The emerging technological trends will have great implications for tertiary education and on the future of jobs, said Commonwealth of Learning (COL) president Prof Asha Kanwar.
She was delivering a public lecture on “Learning in the Era of Digital Transformation” at the main campus today attended by over 150 people from various institutions of higher learning.
She said that the fourth revolution is marked by artificial intelligence (AI) and robotics as well as the growth of open educational resources (OERs), massive open online courses (MOOCs), and micro-credentials. She mentioned the impact of four innovations, namely MOOCs, blockchain, micro-credentials and OERs, on tertiary education.
“MOOCs can disrupt the traditional classroom lecture while blockchain will allow employers to verify the credentials of students and so challenge the authority of the accreditation bodies. Micro-credentials call into question the relevance of full degrees, and OERs are disrupting business models built on intellectual property rights.”
She stated that big data and cloud computing are critical for artificial intelligence. She cited a few examples of AI-powered systems in education like the virtual teaching assistant or chatbot that offers personalised assistance to learners by using text and the robots with human-like speech that can teach. The role of teachers will change from a provider of knowledge to an overseer who will monitor the progress of learners, lead non-academic activities and provide pastoral support, she added.
She shared that Augmented Reality and Virtual Reality technologies can improve learner experience through real-world environment and simulated experience, but that these technologies are presently with the commercial systems due to the very high cost.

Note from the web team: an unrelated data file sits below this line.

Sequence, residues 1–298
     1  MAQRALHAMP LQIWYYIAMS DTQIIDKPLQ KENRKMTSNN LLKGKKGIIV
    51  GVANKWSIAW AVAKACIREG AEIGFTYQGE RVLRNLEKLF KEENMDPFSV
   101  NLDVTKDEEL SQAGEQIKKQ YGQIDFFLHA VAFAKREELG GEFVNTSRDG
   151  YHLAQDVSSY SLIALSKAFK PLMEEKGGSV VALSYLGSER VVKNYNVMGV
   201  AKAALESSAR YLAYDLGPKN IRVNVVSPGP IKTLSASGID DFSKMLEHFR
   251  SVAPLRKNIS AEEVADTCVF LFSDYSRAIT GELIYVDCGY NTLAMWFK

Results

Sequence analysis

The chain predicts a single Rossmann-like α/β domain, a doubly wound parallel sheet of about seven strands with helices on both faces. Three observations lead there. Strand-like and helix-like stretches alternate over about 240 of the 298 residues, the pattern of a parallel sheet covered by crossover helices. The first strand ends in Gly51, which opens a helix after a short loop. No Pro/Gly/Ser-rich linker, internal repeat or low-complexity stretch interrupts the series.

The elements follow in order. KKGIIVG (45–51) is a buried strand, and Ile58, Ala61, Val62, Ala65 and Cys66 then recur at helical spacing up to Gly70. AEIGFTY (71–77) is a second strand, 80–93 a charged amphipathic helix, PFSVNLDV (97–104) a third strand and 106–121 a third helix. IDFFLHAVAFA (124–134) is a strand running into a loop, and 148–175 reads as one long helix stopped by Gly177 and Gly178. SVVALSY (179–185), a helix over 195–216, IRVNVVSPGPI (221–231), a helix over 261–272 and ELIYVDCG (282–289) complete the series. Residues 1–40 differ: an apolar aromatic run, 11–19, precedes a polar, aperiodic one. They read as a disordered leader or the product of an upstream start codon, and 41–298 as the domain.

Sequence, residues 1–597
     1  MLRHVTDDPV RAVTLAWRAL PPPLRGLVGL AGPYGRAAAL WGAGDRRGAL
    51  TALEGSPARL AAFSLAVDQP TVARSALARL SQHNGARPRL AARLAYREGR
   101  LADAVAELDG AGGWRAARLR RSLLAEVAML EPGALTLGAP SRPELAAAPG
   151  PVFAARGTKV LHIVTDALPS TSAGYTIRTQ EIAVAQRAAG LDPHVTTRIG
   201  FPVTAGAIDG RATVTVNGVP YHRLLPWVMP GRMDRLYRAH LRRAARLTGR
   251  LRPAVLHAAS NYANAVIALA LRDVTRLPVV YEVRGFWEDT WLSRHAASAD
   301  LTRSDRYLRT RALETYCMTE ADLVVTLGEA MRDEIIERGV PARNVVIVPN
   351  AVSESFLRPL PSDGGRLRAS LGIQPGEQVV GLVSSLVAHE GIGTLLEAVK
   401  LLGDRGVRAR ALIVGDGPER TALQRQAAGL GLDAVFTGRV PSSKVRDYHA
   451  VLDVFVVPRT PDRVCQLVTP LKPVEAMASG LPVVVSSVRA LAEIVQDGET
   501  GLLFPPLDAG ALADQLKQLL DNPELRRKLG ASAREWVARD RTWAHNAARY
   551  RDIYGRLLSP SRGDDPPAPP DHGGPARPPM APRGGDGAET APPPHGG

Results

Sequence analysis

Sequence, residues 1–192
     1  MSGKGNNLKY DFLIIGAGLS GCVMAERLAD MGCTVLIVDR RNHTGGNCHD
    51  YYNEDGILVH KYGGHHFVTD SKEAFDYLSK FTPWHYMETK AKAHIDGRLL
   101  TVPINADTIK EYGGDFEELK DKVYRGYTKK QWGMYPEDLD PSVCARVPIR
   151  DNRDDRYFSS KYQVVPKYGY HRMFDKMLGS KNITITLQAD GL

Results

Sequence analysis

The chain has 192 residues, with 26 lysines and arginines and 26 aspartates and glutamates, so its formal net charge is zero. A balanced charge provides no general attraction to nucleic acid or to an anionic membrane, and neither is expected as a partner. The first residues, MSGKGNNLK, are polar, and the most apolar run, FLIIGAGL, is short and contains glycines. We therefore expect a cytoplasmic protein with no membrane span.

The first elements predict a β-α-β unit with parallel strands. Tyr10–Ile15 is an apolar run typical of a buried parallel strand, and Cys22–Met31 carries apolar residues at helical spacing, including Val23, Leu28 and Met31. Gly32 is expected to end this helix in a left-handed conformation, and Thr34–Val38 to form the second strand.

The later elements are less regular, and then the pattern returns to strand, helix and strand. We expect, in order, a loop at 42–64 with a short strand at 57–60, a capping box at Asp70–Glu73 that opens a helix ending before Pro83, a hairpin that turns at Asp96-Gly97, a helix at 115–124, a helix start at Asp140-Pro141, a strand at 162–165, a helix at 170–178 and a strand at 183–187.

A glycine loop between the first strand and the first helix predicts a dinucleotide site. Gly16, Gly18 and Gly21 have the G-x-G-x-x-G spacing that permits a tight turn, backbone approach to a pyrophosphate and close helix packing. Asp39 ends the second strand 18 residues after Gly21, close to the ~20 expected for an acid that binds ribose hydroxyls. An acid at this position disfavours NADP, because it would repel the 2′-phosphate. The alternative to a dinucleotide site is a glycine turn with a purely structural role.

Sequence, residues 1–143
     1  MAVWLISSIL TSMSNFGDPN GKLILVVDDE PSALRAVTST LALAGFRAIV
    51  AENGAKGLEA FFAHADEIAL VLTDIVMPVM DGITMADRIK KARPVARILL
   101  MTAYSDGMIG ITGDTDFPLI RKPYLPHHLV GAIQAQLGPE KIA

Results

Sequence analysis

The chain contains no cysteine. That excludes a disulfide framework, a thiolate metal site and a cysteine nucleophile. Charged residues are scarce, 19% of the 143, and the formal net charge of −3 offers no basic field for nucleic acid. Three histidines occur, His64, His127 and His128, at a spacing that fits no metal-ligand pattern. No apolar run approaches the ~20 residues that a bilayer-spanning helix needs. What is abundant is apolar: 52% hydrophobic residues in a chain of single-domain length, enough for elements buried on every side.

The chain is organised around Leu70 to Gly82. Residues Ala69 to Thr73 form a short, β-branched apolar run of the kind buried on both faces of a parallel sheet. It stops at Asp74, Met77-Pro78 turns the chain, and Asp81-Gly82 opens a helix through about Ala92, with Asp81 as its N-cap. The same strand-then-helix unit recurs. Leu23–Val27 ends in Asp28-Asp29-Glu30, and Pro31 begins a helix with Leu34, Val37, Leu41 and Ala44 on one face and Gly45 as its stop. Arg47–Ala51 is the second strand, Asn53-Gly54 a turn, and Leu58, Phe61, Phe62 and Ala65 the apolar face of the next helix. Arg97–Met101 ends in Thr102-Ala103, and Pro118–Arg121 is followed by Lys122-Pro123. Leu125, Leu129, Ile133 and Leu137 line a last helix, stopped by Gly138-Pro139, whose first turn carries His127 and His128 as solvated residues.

She said that AI will drastically transform work and the future of jobs with an Oxford University study reporting that 47% of today’s jobs would be automated in the next 20 years. “Middle level jobs are most likely to disappear while we may see a marginal increase in highly skilled jobs. All the cognitive type of repetitive jobs will be better done by robots and likely disappear, and so human beings need skills in areas where only they can contribute.”
She called for changes in the way education is delivered to prepare learners to these eventualities. “Learners will have to skill and re-skill themselves, moving back and forth from academia and employment. Micro-qualifications and micro-credentials will be as important as degrees because they don’t need to do the degree again; they just need a micro-credential for the new skills which they have learnt. The faculty also will have to become lifelong learners to keep pace with these changes.”
She mentioned three essential literacies to equip learners for the future: human literacy, data literacy and technological literacy. Human literacy is to prepare students to perform jobs that only humans can do, make ethical choices and for social engagement through effective communication, while data literacy is to help learners find meaning in the flood of information. “Technological literacy is essential to understand machines and how we, as educators, can use them.”
She said in the era of digital transformation, “learning how to learn” will be the biggest skill to provide learners as nations must continually skill and re-skill the workforce. She called for universities to emphasise on employability by focusing on hard and soft skills and to develop a curriculum that addresses market needs and future requirements.
She concluded by reminding of the 3 Es, Empathy, Equity and Ethics. “What human beings can bring to the table is Empathy. How can we teach this to our learners?” She mentioned equity in the distribution of emerging technologies, and for ethics, she inquired, “Will these technologies be like the Monster Frankenstein or will they bring peace and harmony in the world.”
During Q&A, she reiterated that the teacher is “not dead” with AI but that the teacher’s role will change. On employability, she urged universities to keep pace with the competencies needed by industry and train learners to become problem solvers, creative thinkers and people who can work with others, and have passion and perseverance.
She agreed that education has become so commercialised that it has lost the values of empathy and sympathy, stressing that “values are absolutely fundamental to education” and students must be taught the importance of character.